Barriers to Entry Remain High

Terry Flanagan

Multilateral trading facilities have had difficulty gaining a significant foothold in the Spanish markets, despite some offering a pricing promotion on the most liquid local securities.

“The bottom line is that the Spanish market structure – post-trade infrastructure in particular – has not been conducive to allowing competition,” a market participant told Markets Media. In contrast to the way other European markets have implemented MiFID, Spanish regulation did not allow direct access its national settlement firm Iberclear, which is owned by Bolsas y Mercados Espanoles. Only members of BME have direct access, thus a pan-European clearer such as EMCF was prevented from directly accessing Iberclear for settlement.

Bolsas y Mercados Espanoles, Spain’s national stock exchange, has a stranglehold on its local market, with market share of about 95%.

Prior to its acquisition by Bats Europe, Chi-X Europe implemented a temporary pricing promotion in Spain designed to boost its market share in the region. Under the promotion, orders of Santander, BBVA, Iberdrola, Inditex, Repsol and Telefonica, the six stocks accounting for about 80 percent of the total volume traded in Spain, will be free of trading, clearing and settlement fees once clients have traded more than €200 million of those particular stocks within a single month. The exchange, which operates under a maker-taker pricing structure, will also increase the rebate offered to liquidity makers, from 0.2 basis points to 0.3 basis points.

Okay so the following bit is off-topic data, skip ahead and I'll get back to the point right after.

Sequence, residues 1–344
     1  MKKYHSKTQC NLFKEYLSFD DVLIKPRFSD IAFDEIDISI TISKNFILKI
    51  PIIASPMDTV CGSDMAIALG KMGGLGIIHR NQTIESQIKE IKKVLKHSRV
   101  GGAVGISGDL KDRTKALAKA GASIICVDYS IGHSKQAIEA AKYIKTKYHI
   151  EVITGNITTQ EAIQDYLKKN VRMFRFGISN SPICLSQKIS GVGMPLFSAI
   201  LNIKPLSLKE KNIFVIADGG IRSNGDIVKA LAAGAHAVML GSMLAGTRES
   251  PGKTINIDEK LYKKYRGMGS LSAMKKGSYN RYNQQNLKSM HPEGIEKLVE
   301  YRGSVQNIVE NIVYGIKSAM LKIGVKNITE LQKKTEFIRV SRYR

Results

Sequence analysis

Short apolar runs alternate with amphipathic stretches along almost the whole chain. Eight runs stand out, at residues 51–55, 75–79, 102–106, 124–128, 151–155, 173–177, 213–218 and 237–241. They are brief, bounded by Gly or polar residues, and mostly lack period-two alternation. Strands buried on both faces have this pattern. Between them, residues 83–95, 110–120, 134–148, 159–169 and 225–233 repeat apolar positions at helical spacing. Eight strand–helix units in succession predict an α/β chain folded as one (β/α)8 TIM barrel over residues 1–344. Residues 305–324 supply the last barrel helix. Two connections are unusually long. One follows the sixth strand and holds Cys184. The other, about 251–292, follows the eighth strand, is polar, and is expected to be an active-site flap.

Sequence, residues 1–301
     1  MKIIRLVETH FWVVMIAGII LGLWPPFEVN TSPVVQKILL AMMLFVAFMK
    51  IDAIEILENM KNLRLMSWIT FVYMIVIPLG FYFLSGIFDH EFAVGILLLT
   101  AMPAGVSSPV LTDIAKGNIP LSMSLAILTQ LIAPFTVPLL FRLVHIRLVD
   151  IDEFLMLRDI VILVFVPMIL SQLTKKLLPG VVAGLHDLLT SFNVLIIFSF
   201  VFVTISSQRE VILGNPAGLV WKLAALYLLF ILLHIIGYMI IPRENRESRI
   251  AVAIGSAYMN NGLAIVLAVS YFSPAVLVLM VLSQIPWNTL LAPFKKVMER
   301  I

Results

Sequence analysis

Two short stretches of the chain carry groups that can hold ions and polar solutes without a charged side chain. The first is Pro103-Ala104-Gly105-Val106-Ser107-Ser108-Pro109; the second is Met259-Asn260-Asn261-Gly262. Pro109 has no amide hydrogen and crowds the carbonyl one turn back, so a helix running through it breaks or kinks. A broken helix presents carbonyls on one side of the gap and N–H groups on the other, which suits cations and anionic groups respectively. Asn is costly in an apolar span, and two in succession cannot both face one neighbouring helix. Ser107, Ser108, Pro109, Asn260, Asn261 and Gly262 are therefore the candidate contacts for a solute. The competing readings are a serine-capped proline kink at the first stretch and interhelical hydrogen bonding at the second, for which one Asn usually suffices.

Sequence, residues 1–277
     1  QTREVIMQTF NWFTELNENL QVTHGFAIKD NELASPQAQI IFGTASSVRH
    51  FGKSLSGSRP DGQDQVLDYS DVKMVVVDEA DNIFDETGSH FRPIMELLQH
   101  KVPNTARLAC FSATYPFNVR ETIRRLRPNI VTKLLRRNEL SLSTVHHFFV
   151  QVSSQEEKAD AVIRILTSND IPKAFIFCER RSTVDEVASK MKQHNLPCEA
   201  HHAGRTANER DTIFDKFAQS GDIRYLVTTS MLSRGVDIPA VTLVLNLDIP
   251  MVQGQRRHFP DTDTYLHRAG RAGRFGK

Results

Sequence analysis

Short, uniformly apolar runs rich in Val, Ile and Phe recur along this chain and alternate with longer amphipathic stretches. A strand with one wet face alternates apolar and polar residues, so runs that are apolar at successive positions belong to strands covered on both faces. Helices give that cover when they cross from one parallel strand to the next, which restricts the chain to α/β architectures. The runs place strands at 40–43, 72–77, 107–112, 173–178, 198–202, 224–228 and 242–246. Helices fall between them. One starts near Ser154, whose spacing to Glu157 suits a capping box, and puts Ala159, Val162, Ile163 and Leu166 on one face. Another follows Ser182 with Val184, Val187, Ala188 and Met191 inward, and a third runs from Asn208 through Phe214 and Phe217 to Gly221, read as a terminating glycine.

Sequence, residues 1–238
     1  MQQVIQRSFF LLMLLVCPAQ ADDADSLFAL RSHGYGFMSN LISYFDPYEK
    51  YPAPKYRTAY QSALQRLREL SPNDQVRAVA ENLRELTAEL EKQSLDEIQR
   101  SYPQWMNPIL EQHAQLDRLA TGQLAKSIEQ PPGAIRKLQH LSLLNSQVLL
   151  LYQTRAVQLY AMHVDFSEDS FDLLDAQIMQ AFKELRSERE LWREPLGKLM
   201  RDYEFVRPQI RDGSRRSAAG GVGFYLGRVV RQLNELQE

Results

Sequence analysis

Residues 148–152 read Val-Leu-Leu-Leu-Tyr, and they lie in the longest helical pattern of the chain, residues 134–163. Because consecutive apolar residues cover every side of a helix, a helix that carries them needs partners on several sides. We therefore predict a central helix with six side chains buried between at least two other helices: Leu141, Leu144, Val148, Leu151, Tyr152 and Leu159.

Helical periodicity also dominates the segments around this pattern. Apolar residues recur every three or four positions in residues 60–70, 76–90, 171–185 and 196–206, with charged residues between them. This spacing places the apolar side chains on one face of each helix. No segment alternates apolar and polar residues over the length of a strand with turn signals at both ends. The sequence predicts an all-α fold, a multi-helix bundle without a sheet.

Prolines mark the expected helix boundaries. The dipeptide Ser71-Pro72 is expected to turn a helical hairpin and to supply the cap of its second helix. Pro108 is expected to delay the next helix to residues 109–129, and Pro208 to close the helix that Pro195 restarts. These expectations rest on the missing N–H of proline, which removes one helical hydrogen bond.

At the start of the promotion, Chi-X Europe had about 2% market share in Spain. It increased marginally to about 3% as of the end of December. Its goal at the inception of the program was to hit the 5% market share mark, which is a key tipping point for most brokers’ best execution policies.

Bats Global Markets’ acquisition of Chi-X Europe also closed in December. The combined entity represents about a quarter of all European equities trading. The acquisition of Chi-X Europe was announced in February 2011. Bats then announced in May its plans to go public in a $100 million initial public offering. Initially slated for late 2011, the IPO is now expected to occur in early 2012. U.S. regulators in August gave approval for Bats to start listing shares, allowing the Kansas City-based trading platform to compete directly with exchange operators NYSE Euronext and Nasdaq OMX.

Tuesday marked the first day that Bats listed securities, when a suite of BlackRock’s iShares exchange traded funds debuted. The funds are linked to indexes of international stocks.

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